And if you believe Mgt is right on the value created per Watt, that $13.9 billion would be worth $21.8 billion. 

 

Am I missing something???

Link to comment
Share on other sites

  • 2 weeks later...

Any thoughts on their recent convertible offering?

 

650K shares are being sold at $1,000 apiece, and carry an interest rate of 6.75% (payable in either cash or stock). The shares have an initial conversion price of $17.62

http://seekingalpha.com/news/2734086-sunedison-upsizes-convertible-offering-to-650m-sets-pricing

 

I went ahead and added more to my common position today, it seems the market is really overstating the correlation between solar and oil.

Link to comment
Share on other sites

Does anybody have any idea what the narrative is that has driven TERP and SUNE down so hard over the past month? I assume a big part of SUNE's decline would just be following TERPs, given the IDRs...but TERP seemed to have perfectly fine results in the last quarter...

 

Not a follower of this stock, but I remember appreciating Einhorn's overview last year. Will have to take a closer look.

 

Market is spooked by the amount of capital they have / need to raise. TERP + GLBL means a lot of capital flowing into a relatively small market...

 

On top of the SUNE is incentivized to buy assets at high prices to drive CAFD growth in their YieldCo's. It's this circular thing where if they have the capital they are super valuable, but if they can't get the capital for any number of reasons (e.g., investors are spooked by capital needs, capital markets dislocation, people think required purchase price for assets is too high, etc.), the machine sputters.

Link to comment
Share on other sites

Hoping someone can fill in the blanks for me as I'm trying to understand how the business operates.

 

Sunedison takes a 50%stake in a project to build it out and then once complete are they leasing the ownership to TerraForm for 20years or are they selling it outright to TerraForm?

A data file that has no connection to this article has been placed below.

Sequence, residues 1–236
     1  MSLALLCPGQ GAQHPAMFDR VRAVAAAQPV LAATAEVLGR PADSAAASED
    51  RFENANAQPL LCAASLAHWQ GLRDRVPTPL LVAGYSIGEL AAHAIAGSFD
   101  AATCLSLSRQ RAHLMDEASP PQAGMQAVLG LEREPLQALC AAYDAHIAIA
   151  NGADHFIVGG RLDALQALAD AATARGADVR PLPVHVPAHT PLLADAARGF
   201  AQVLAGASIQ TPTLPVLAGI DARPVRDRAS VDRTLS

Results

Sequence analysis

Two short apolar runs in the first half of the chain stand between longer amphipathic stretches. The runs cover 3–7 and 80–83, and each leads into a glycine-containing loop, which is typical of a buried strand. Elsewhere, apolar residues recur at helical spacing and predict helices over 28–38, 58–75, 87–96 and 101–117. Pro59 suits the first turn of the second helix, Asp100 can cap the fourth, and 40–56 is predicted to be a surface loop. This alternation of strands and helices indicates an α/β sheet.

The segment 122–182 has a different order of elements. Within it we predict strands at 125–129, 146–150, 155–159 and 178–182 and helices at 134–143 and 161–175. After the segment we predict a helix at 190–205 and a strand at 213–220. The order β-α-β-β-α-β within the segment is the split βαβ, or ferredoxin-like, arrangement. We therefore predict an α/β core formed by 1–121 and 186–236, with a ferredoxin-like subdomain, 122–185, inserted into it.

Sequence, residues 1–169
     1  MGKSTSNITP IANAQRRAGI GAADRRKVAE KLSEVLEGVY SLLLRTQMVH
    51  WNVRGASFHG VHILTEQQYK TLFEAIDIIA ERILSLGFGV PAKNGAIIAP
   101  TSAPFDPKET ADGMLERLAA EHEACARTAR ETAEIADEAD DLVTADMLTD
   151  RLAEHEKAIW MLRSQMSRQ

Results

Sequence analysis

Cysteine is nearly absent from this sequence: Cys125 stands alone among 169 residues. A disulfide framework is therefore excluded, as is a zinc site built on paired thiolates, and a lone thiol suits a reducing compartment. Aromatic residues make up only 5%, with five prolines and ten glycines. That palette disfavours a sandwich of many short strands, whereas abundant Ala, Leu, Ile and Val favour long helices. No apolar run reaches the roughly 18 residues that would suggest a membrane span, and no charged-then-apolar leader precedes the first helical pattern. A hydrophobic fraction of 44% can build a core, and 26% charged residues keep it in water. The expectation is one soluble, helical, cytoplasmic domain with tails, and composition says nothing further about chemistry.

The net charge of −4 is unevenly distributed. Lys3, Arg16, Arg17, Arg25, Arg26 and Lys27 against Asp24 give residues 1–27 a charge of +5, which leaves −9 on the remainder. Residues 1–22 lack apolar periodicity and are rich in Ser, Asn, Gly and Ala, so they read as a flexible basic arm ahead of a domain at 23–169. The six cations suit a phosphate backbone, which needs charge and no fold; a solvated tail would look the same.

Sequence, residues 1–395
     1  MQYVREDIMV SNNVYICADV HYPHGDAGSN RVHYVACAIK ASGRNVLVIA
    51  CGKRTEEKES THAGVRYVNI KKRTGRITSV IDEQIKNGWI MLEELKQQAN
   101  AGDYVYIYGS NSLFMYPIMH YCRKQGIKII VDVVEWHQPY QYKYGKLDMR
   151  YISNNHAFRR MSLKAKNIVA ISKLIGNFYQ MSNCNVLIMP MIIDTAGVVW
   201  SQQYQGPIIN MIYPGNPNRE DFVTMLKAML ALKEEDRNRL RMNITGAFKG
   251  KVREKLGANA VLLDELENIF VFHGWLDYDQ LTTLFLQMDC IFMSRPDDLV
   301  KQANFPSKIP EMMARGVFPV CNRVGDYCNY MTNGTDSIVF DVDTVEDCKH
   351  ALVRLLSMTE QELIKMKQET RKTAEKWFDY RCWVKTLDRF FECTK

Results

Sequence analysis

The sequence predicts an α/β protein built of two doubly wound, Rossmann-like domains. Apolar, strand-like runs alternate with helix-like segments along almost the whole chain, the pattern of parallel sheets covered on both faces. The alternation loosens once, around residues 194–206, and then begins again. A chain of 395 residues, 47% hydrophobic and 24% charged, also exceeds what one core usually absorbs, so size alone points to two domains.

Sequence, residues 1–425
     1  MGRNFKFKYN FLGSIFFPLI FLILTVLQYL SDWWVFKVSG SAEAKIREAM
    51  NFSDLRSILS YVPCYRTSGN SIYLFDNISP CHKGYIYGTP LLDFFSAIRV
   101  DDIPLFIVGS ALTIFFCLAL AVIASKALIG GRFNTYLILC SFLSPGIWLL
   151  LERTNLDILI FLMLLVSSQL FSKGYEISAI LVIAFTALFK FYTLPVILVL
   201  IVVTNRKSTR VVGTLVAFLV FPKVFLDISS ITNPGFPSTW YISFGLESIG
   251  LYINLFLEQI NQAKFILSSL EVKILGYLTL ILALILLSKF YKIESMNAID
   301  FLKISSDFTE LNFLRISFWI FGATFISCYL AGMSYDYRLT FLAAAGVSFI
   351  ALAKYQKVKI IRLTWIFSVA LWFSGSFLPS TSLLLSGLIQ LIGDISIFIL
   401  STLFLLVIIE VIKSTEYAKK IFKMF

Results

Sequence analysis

If they are leasing the ownership for 20 years, 20 years from now will they just sign another lease or will the useful life of the project be depleted and major upgrades needed in order to lease it again?

Link to comment
Share on other sites

Just to catch other newbies like myself up to speed.  The basis of Einhorn's presentation seems to be a SOTP valuation:

 

"As we sum up the parts:  SunEdison’s core development business is worth $15 per share, the Terraform stake is worth $4.50, the IDRs are worth around $9 and a couple other assets are worth another $3. This sums to about $32 per share, which is a good distance from where the stock is trading"

 

If he feels it's worth $32, I wonder why he didn't sell in June of this year. only a very small piece was sold in the second quarter.

Link to comment
Share on other sites

I need a hug.  :'( :'( :'(

 

Palantir can you explain the stock price movement? What has changed in the last week?

 

I'll throw in my 10 cents.  Taking on more debt, introducing the perpetual convertible preferred, lousy market in general, solar stocks getting hammered in general, the global vehicle not gaining alot of ipo interest, the concessions for the Global Shares to be more attractive,  timing of the vivant acquisition.  It all adds up to what your seeing. 

 

I'm interested in buying a few shares but it's not at my price yet.  Still needs to drop a bit before it's attractive in my eyes.

Link to comment
Share on other sites

How do folks get comfortable the technological obsolescence here.  Solar appears different than other large renewables like wind because the underlying efficiency of the cells is continuing to increase.  I know these guys have long-term contracts but is there are real possibility that these either (1) do not get renewed or (2) get renegotiated to a lower rate over there term (as in other situations like this in shipping)?

 

Packer

Link to comment
Share on other sites

My nickle...

 

The biggest risk for SUNE is the need to "feed the beast" that is TERP. All these acquisitions happen under the assumption that the DevCo (SUNE) can flip completed projects to TERP, at commercial operation, with an attractive valuation. With 6 YieldCo in the market and many more in the cooker, there is much capital chasing limited number of projects, resulting in high likelihood of "winner's curse," in my opinion.